Some Thoughts on Kindergarten Choice--and Choices in General
I love the newsletters which are sent home each month. There are always a few glimpses into the silly and imaginative world of the children as well as other pertinent information. Sometimes there is an article attached, often with a focus on respecting our children's time to just be kids. Today's newsletter included information on kindergarten and contained a line in this regard:
"If your child will be starting kindergarten in September, now is the time to be thinking about where s/he will be attending. For many families, your neighborhood school may be the best match. For some families, you may be looking for another setting. .... Again, remember that it is important not to involve your child in any part of this process. These should be adult decisions and discussions. ...Please give us a call if you want to talk with us about your child and school options for next year."
This is one reason I love Kiddo's preschool teachers so much--they really do understand kids. We will honor this request. Kiddo needs to enjoy his next five months or so of preschool. Kindergarten is still a long nearly-nine months away, and too far ahead for to turn his attention to it. He needs us to be mindful that we are the keepers of his childhood, and one part of childhood is that lovely ability to be completely immersed in the present moment. Therefore, we will be happy to discuss kindergarten with Kiddo when he brings it up, which is very rare, but we do not bring the topic up with him.
It's been on our adult minds, kindergarten has. I've written about school choice before, and stand by my convictions that the current situation of Too Many Choices leads us to be less satisfied with the choices we do have. I've also been seriously considering homeschooling, for so many good reasons. It may be that Joe and I will choose to send him to the local elementary school to attend a half-day kindergarten class for the first year and then reassess, but we're not done discussing this. Yet, we do not talk about this in front of Kiddo, nor do we ask his opinion on the matter.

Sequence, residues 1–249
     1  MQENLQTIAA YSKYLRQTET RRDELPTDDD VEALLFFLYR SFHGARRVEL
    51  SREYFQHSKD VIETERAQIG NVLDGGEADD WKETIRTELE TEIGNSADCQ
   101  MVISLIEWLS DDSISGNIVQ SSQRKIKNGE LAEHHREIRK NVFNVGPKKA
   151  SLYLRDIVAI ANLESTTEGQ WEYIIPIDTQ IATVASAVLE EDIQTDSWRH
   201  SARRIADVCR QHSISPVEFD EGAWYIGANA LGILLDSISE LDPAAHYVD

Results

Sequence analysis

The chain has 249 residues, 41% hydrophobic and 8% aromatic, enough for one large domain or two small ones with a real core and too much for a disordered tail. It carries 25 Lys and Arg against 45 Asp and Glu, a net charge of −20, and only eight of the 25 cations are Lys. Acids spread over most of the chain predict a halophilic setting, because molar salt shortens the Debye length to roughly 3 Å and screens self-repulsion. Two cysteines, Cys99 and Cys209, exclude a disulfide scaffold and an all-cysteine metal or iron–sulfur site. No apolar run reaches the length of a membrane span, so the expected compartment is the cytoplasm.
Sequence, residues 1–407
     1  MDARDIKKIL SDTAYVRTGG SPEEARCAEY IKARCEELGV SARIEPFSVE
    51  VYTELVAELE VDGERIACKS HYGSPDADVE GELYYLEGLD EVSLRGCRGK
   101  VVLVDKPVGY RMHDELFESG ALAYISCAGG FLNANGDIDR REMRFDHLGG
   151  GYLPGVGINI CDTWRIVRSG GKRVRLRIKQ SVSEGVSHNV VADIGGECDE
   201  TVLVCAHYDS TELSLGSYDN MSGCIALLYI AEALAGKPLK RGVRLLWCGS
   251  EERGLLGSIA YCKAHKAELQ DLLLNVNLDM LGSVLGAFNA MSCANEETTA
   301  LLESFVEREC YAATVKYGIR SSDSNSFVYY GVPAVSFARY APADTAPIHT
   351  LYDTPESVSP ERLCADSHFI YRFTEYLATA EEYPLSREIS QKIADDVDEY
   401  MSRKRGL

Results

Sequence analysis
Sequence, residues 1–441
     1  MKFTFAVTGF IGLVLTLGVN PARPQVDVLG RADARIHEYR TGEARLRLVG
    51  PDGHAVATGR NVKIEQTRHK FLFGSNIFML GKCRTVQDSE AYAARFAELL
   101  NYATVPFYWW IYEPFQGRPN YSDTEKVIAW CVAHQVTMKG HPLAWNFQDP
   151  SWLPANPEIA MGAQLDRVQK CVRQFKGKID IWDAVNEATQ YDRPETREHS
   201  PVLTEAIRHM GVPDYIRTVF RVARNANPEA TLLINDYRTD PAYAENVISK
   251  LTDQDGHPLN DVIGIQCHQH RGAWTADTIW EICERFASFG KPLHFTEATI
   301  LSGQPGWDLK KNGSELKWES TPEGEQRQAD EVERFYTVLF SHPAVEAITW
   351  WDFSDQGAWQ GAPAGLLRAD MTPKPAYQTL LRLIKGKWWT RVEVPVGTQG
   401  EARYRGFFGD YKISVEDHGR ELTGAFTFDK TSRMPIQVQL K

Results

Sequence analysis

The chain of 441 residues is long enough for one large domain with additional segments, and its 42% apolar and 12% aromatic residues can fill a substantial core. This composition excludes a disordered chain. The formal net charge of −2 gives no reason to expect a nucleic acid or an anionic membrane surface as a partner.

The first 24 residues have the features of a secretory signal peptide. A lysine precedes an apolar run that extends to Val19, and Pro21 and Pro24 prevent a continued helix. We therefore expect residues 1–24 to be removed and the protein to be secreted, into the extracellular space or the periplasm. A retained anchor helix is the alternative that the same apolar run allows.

While some parenting styles lately are trending toward more egalitarian-type relationships between parent and child (where children are allowed to call more of the shots and treated more as a peer and less as a child), I'm of the strong belief that children need us to make the decisions, to choose for them. The day four and five year olds are qualified and informed enough to make choices about their education is the day they start hatching from eggs, capable of surviving alone. Youngsters need us to be thoughtful and decisive and to know what's best for them, because they truly aren't capable of the task; just offer a five year old a cookie or a plate of carrot sticks and I guarantee he'll prove me right. I don't consult with Kiddo on what he might like to do at school (be it about the arts or language immersion programs or accelerated math and science programs) because it doesn't seem right to set the precedent that he gets a say in the matter at this age. He is not a little adult, capable of processing all this information; he's just a kid who wants to go play with his toys.